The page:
Here, I have begun telling my Palestinian friends I am Jewish. After all, it is the reason I am in Palestine. I could be anywhere in the world doing positive work, but I came here because I felt a duty to show that not all Jewish Americans support an unjust occupation.
There are so many similarities between Jews and Muslims it astonishes. Both have similar dietary restrictions -- neither eat pork, for example. If they are more traditional, they both have large families. The man is usually in charge of the family (in more strictly religious homes) and food plays a huge role in life and traditions. The language is similar. In both faiths, men and women often wear head coverings. And both cultures see Jerusalem as the holy land. Both religions circumcise their boys. The first two letters of both the Arabic and Hebrew alphabet sound the same.
My time here, teaching literature at a university in Palestine, reminds me that our ideas of fairness and politics are skewed. It reminds me to look at people as people. Surely I do not agree with every cultural norm here, and no person in any faith is perfect. But, through the light of my Chanukah candles I am reminded that we are all people, that we all share burdens and joys of humanity.
Yesterday, a Palestinian friend, and student, was telling me stories of pranks she played on her nine siblings and her parents. I laughed, unceasingly. I had a wake-up moment in that experience. A light turned on. It was if I had forgotten that Palestinians have a sense of humor, as if I had forgotten that we are, in our humanity, exactly the same. We all experience loss, sorrow, joy, laughter, sense of humor, resistance, tenacity, hope, hopelessness, anger, frustration, collapse. In a Gazette article by Sara Busse, writer Maya Angelou said during her visit to Charleston earlier this year: "I am a human being and no other human being can be less than me ... he cannot think, he can't be more needful, more happy, more sad. Pain attacks him with the same ferocity as me. We are more alike than different."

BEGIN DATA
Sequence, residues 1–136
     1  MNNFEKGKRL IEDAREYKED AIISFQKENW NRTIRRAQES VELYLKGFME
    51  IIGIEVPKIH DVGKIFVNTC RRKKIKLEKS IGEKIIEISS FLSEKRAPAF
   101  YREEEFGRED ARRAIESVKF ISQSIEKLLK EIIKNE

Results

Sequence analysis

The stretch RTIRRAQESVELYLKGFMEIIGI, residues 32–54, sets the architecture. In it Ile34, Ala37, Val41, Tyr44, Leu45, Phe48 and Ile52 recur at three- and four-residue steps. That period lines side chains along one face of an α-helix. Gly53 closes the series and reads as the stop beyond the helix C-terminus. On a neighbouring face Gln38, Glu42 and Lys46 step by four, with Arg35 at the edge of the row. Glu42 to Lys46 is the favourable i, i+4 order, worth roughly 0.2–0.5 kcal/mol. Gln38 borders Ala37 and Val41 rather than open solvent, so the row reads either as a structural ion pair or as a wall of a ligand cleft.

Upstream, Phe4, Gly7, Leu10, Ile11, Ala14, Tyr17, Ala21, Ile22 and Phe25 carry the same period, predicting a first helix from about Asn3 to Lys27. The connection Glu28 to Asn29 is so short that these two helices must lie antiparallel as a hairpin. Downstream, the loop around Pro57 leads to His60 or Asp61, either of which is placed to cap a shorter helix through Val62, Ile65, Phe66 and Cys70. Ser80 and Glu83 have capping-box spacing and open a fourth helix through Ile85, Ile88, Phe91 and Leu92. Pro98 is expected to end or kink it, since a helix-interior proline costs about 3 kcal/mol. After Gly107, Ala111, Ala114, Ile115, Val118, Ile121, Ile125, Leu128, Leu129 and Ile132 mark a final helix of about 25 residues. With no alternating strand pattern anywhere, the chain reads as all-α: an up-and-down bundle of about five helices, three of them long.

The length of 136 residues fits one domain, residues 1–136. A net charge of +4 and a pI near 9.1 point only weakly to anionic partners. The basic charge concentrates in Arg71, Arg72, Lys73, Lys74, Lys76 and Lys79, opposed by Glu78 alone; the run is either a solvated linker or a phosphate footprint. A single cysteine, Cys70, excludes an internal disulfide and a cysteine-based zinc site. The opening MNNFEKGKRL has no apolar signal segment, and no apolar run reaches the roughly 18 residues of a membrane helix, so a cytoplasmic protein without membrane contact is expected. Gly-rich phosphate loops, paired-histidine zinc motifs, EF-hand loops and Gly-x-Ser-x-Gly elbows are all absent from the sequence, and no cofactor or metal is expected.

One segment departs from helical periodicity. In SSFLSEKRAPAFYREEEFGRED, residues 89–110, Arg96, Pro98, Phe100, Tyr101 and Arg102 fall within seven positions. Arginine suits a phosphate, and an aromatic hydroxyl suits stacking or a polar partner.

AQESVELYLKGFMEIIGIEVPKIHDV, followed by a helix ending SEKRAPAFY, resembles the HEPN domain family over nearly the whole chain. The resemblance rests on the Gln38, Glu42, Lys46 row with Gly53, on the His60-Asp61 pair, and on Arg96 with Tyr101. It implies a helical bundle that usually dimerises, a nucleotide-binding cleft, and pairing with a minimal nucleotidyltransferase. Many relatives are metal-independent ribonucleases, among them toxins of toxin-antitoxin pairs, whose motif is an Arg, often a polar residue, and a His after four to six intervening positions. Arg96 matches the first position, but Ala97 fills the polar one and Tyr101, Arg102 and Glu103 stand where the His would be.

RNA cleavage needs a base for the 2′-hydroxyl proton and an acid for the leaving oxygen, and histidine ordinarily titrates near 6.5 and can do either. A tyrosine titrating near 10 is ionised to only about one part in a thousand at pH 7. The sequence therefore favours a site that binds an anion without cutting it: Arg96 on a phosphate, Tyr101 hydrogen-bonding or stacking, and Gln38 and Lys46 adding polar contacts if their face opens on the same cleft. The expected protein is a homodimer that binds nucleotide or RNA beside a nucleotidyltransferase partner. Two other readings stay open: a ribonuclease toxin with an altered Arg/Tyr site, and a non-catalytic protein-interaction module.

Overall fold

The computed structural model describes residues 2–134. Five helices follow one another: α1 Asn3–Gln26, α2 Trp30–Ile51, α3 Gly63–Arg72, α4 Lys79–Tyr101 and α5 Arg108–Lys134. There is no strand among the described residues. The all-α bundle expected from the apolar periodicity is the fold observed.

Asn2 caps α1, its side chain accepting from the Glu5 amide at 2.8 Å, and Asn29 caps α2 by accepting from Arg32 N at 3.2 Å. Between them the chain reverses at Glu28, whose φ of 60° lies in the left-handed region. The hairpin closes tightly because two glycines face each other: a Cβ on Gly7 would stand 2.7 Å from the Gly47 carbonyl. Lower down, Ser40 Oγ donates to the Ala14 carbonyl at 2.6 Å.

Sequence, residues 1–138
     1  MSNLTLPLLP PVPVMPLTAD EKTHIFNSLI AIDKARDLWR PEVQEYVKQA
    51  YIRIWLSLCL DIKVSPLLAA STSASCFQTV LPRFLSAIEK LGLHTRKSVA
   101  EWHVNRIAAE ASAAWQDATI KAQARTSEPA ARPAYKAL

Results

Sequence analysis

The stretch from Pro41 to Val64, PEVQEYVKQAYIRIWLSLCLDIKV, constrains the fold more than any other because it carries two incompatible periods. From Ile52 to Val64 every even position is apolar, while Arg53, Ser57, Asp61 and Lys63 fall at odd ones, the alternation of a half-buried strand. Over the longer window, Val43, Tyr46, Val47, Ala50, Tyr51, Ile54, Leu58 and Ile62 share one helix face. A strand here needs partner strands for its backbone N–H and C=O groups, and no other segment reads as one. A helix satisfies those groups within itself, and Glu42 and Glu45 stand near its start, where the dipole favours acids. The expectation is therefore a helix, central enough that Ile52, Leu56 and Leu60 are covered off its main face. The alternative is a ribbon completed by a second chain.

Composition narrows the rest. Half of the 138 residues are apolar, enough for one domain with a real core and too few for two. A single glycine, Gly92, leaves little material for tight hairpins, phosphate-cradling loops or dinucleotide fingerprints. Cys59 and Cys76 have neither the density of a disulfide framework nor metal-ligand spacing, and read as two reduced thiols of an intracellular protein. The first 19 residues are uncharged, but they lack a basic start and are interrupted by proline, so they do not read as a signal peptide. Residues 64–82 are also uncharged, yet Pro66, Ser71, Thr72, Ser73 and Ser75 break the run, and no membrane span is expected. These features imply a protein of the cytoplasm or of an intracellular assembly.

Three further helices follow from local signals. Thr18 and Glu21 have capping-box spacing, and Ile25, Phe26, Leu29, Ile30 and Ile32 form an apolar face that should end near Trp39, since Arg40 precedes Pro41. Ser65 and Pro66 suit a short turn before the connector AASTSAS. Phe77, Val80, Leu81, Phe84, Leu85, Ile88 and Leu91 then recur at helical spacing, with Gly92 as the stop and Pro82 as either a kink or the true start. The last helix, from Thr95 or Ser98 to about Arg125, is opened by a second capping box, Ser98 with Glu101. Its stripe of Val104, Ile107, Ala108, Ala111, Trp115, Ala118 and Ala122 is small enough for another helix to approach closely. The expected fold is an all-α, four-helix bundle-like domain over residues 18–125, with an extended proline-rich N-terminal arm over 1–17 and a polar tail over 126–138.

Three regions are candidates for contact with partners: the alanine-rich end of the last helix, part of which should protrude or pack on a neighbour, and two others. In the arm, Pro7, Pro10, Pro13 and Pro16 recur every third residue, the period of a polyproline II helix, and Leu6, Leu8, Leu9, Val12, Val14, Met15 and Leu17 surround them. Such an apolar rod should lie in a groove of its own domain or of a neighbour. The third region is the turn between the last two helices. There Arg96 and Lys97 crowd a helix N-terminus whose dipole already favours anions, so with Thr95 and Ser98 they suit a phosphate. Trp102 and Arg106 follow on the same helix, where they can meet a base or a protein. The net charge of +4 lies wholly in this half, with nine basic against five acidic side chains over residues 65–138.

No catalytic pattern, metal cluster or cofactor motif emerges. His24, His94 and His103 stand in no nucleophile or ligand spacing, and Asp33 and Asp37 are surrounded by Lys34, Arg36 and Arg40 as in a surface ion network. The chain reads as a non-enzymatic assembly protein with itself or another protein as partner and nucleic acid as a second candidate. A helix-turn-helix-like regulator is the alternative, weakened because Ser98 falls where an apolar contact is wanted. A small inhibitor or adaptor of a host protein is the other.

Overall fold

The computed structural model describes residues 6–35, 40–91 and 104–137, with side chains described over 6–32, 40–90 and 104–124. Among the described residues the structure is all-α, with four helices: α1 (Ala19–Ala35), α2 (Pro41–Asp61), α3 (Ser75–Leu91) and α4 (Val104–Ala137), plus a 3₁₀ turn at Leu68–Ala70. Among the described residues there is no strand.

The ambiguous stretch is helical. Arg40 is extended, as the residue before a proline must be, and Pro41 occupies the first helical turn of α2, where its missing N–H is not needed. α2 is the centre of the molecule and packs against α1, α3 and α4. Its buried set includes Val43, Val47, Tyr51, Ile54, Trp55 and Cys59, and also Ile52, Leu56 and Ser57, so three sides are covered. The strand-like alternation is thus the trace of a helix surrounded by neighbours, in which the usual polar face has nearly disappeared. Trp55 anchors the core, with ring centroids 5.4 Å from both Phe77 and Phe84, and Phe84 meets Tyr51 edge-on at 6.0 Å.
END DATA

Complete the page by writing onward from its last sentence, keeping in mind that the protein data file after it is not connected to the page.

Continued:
And Angelou reminds us that violence has always been a part of human existence: "The world is not any worse now than when you were being raised. The same abilities to be brutal maintain. Just because we have technology and the conveyances that show us now, at a moment's notice, the cruelties going on in the Middle East or Arkansas doesn't mean that they are any worse than when we were growing up."
And so to be Jewish in Palestine during Chanukah, is it a paradox? Not unless you think being human is a paradox. I am a human first and everything else after that. Human suffering is my suffering, human joy, my joy.
Essayist and columnist Cheryl Strayed writes in her new book Tiny Beautiful Things: "Your assumptions about the lives of others are in direct relation to your naïve pomposity. Many people you believe to be rich are not rich. Many people you think have it easy worked hard for what they got. Many people who seem to be gliding right along have suffered and are suffering." And so it is that we are all human and fundamentally feel the same things.
It is my very great privilege to be having Chanukah in Palestine. Later this week, I will cross the border, something my Palestinian friends do not have the privilege of doing. I will go to Jerusalem, and I will view, in the old city, the oil lamps shining.
I am proud of my heritage and my Jewish identity, even though, I do not believe in all things that are being done in the name of my faith, just as all Catholics of course do not condone abuses perpetuated by some in their church, or agree with all teachings. No person is monolithic. No Palestinian has single views. No Jew. No Christian. No anything. No person can be called, in one word: terrorist. That's too easy. Try this: human being.
Kaufman, of Charleston, is a former Rotary Ambassadorial Scholar and is teaching at An Najah National University in Palestine.